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International Pest Control – May/June 2019 – Vol 61, Nr.3

| June 13, 2019

Cover image:- Fall Armyworm, Spodoptera frugiperda. Picture by USGS Bee Inventory and Monitoring Lab, Beltsville, Maryland, USA.

Creating refuges for wildlife around fields is not uncommon in the UK and around the world but for these strips to be of value they need a diversity of plant species growing in them. Apparently, they are all too often overrun by the “wrong type” of weed and especially less beneficial grasses.

The glyphosate story looks like it will run and run, and we make no apology for dedicating a page to Bayer’s response to the news from the USA that the product was found to be responsible for the cancers suffered by two plaintiffs. It is important for all of us that scientific evidence is allowed to prevail, and Bayer has made the move of making all its relevant studies available.

The rise of automation continues apace, and this is now the second year of the Wageningen University & Research competition to grow greenhouse plants remotely. Who’d have thought that to be a grower you don’t even have to be in the same country!

Good news is you don’t have to use your best and most expensive beer in slug traps. Lager will do, and the best (most attractive) turned out to be the cheapest – from Morrisons. There is no accounting for taste, even amongst slugs!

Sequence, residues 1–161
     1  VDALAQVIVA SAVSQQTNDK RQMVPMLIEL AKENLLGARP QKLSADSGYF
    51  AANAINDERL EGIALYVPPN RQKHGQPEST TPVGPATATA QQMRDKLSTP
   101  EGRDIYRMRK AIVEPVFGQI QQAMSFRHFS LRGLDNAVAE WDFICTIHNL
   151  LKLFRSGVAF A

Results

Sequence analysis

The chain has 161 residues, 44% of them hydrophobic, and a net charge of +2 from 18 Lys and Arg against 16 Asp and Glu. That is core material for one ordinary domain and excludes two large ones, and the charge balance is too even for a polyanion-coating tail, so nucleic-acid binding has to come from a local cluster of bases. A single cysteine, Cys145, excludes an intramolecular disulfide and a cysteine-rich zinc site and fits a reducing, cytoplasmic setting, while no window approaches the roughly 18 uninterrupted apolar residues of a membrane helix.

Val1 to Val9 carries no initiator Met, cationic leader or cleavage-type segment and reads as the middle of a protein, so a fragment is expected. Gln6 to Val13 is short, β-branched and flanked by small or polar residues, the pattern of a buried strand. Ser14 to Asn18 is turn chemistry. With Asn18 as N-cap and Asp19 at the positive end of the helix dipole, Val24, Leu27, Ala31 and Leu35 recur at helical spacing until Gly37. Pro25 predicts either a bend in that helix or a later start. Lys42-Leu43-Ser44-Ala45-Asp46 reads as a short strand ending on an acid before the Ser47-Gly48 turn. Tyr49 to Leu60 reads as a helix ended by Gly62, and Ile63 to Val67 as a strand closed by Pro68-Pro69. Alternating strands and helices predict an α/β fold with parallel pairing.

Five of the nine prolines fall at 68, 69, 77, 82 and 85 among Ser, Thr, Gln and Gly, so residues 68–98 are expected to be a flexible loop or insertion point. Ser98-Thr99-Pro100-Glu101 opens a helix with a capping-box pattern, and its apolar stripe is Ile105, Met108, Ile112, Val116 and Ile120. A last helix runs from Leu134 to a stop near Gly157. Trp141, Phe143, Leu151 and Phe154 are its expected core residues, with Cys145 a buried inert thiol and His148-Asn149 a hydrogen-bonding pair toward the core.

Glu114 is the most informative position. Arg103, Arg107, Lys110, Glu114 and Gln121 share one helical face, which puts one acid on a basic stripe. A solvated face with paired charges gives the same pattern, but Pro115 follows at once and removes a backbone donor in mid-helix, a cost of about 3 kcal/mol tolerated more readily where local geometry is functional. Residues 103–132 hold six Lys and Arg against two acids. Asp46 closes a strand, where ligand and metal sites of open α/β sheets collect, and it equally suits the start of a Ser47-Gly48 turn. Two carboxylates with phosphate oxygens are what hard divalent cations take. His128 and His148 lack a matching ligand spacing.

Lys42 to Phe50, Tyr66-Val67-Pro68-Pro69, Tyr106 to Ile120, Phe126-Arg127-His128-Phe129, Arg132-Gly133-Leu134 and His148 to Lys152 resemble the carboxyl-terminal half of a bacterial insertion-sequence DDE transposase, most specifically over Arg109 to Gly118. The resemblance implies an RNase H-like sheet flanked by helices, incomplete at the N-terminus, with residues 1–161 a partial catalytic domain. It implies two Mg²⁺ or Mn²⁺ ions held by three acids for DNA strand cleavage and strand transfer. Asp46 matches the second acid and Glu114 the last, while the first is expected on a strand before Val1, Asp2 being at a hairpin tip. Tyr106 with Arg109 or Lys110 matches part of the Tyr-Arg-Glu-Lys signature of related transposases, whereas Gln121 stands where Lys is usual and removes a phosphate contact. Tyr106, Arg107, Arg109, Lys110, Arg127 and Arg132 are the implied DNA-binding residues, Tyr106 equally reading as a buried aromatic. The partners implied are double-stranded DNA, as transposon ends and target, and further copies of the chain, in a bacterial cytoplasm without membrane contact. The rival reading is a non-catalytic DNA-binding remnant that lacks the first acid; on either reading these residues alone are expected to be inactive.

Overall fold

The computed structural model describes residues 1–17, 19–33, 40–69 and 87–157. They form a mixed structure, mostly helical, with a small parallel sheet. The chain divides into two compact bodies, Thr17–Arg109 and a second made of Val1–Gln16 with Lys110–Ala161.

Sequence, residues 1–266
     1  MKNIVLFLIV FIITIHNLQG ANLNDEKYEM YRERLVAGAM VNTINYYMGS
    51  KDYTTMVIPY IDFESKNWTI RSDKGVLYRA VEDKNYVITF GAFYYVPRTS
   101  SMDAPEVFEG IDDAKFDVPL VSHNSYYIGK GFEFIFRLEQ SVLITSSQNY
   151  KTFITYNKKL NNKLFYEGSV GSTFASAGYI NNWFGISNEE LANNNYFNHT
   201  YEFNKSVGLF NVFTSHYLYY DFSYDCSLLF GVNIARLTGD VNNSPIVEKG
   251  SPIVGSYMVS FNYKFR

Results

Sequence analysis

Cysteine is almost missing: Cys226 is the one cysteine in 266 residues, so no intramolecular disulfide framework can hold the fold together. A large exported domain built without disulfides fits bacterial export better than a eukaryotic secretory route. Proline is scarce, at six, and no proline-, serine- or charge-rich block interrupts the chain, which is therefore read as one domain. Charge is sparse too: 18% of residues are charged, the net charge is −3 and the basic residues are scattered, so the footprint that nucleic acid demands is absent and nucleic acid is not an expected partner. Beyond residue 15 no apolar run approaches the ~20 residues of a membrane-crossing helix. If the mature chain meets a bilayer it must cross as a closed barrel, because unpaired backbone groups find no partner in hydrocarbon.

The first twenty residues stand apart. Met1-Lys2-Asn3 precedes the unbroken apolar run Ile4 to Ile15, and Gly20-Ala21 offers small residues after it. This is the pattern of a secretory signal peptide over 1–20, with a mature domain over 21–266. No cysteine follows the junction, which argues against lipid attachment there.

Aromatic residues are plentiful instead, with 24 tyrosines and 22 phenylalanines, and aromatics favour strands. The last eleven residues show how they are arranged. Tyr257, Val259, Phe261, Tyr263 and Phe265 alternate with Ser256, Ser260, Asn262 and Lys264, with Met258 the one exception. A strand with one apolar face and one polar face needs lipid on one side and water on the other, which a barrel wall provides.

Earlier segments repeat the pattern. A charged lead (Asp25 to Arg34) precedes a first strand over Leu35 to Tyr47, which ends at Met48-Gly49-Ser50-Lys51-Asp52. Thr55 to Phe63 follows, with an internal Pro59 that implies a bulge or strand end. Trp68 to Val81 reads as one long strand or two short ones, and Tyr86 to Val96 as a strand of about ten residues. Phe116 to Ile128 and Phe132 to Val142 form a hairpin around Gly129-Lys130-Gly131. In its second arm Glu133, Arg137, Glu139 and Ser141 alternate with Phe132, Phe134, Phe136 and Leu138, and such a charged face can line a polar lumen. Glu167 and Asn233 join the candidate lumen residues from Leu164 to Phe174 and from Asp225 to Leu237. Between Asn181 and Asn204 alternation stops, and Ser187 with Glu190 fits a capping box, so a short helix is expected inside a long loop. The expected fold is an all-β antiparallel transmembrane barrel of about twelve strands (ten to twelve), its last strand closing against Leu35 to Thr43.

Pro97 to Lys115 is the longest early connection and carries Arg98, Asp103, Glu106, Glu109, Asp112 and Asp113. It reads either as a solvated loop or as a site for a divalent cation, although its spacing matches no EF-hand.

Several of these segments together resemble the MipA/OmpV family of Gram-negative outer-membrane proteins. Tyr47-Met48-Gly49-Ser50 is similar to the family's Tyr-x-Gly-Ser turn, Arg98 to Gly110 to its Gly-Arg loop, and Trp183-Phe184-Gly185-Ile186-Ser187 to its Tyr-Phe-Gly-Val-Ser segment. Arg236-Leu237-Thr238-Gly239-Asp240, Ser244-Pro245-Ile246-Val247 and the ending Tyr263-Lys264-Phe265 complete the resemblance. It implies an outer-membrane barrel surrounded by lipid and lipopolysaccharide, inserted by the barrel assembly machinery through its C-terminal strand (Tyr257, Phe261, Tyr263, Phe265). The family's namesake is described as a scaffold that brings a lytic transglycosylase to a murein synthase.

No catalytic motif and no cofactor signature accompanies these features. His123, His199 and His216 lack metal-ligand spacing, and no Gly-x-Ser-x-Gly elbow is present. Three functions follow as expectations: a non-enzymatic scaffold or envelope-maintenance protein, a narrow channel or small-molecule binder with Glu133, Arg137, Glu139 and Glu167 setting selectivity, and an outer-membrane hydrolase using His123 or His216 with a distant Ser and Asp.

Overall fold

As ever, folks are moving around our industry with changes at ICB Pharma, Newpharm and Sumitomo, while IPS have snapped up the Exosex technology from Exosect.

Our company profile this month is PronixNova who are a new entrant in the fine drop applicator market and have concentrated on designing machines that are reliable as well as easy to maintain in the field.

And they may be able to help with the control of Fall Army Worm which features in our Invasive Pests special feature alongside explosions in mouse populations and invasive leaf miners. We look at the spread of FAW and the effectiveness of different control strategies.

In the UK, Oak Processionary Moth is now well established in London and is starting to spread to places with some of the UK’s most famous and oldest oak trees. Have we got our control strategies right?

The drones are back! A bit of an obsession with me, but this is a very rapidly developing area of pest management and one that has the potential to dramatically change the way we access advice as well as the way we apply treatments.

Any excuse to publish stunning pictures of birds of prey! An article on using raptors to control pest bird species and the results of trials intended to find out when they work and when they don’t. These stunning birds have saved grapes for wine production and stopped serous accidents at the Melbourne Cup. Even tennis tournaments can benefit from having raptors on patrol.

A weed killing machine, developed by an Australian company, that works by pulverising the weed seeds into oblivion as they come out of the back of the crop harvester is now ready for full scale commercial production following three years of trials and lots of design improvements.